A view of the T Shirt installation. (photo © Spencer Elzey)

Traversing the Artery, a limestone lined subterranean tunnel, one passes by a “rogue gallery of 30 hand picked Australian street artists” including HA HA, Ghostpatrol, Numskull, Dmote and Yok, just to name a few.

The Art Gallery in the Tunnel. (photo © Spencer Elzey)

Upon exiting, you end up back at the beginning, next to the “No Trespassing” sign and amongst a collection by Will Coles. His concrete cast items, usually adorned with a word or two, are lifelike enough even the Seagulls seemed a bit confused.

Will Coles. (photo © Spencer Elzey)

Will Coles. (photo © Spencer Elzey)

New Rock Crew. 1976 Classic School Bus. (photo © Spencer Elzey)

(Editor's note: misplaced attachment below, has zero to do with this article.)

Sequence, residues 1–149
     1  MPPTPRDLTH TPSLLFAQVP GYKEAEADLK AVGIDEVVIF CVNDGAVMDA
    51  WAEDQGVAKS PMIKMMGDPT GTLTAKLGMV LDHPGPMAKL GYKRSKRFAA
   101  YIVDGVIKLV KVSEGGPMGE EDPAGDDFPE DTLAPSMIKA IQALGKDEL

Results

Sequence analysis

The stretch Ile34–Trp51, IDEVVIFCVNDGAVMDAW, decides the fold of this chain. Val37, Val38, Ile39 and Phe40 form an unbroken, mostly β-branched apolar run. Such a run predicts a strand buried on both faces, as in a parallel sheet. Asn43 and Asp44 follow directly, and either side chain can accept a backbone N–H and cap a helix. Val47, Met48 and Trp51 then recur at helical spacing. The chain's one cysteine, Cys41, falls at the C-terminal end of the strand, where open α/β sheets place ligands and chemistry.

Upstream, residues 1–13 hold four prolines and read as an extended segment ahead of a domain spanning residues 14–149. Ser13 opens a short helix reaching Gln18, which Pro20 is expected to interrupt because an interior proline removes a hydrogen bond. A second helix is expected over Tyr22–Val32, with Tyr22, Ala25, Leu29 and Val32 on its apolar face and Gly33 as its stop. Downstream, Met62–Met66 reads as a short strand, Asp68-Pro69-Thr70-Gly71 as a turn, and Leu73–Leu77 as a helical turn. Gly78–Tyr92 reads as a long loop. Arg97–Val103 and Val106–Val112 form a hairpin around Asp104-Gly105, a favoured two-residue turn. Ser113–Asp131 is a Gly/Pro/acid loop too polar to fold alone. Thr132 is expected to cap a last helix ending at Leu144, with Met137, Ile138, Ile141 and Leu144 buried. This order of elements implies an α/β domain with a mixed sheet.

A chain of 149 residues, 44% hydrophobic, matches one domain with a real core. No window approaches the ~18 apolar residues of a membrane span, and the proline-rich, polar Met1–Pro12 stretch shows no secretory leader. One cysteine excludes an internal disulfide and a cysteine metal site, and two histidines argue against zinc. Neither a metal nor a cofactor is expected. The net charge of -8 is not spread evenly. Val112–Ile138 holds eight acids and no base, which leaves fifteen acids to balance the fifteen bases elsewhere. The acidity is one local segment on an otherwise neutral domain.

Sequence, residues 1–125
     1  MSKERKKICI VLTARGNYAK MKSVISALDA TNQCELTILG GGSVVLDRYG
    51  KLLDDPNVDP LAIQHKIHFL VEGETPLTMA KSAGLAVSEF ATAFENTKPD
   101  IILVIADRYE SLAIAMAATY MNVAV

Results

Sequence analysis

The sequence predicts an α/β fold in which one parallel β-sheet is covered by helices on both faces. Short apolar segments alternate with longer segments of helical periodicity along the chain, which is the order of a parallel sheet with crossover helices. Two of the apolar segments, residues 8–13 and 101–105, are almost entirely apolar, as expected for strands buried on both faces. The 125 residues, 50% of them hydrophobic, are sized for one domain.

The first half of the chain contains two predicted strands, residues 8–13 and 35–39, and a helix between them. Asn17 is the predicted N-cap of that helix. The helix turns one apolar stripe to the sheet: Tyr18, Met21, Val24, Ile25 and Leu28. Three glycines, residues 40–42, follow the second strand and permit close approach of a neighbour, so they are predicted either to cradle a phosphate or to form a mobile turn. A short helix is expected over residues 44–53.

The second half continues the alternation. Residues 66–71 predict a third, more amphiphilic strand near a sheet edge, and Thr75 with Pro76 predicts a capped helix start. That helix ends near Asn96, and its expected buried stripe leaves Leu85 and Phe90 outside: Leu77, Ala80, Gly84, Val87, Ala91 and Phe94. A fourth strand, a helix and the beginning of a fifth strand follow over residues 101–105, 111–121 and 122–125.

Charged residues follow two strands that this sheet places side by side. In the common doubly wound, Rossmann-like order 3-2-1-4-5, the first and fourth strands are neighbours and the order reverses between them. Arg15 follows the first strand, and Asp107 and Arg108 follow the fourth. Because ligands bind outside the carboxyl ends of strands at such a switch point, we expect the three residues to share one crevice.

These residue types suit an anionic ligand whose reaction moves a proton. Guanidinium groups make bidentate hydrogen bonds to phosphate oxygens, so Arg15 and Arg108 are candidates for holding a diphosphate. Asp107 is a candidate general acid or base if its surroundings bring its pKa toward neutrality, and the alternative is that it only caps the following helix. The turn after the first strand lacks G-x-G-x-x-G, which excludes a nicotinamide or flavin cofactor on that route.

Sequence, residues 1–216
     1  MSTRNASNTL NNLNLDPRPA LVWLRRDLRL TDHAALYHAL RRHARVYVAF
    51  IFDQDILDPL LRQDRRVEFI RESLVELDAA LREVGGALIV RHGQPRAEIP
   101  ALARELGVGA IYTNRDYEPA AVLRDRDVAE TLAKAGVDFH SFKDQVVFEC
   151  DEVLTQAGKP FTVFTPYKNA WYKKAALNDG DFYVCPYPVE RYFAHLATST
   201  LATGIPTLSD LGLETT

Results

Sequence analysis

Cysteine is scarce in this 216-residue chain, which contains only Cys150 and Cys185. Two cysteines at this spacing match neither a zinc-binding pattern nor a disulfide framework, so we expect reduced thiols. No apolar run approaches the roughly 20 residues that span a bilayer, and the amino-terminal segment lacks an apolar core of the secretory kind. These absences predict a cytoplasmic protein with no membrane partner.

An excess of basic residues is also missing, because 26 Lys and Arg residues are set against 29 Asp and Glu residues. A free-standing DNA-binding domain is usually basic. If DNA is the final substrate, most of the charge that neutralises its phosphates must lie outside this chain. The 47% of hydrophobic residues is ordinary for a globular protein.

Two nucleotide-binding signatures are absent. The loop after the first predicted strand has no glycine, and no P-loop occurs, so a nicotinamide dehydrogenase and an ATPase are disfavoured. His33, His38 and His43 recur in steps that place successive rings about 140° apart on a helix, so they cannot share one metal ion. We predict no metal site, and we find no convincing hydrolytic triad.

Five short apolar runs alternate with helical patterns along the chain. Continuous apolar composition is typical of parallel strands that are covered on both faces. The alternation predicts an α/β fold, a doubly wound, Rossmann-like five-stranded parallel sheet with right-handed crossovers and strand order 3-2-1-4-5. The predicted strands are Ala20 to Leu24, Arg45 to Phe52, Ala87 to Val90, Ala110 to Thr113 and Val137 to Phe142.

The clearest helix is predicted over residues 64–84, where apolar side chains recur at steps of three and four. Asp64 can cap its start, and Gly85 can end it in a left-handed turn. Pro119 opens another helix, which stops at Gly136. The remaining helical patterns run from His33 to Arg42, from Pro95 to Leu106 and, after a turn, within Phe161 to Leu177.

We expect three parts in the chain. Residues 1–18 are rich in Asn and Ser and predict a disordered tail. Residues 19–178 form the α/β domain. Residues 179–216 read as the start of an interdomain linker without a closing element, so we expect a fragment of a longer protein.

New Rock Crew. 1976 Classic School Bus. (photo © Spencer Elzey)

New Rock Crew. 1976 Classic School Bus. Anthony Lister balloon on the background. (photo © Spencer Elzey)

Shannon Crees. (photo © Spencer Elzey)

Phibs. (photo © Spencer Elzey)

Mini Graff. (photo © Spencer Elzey)

Max Berry. (photo © Spencer Elzey)

We couldn’t read the artist’s signature. Please let us know if you know who this artist is. (photo © Spencer Elzey)

Hazzy Bee. (photo © Spencer Elzey)

HA HA on the left and Shida on the right. (photo © Spencer Elzey)

Ears. (photo © Spencer Elzey)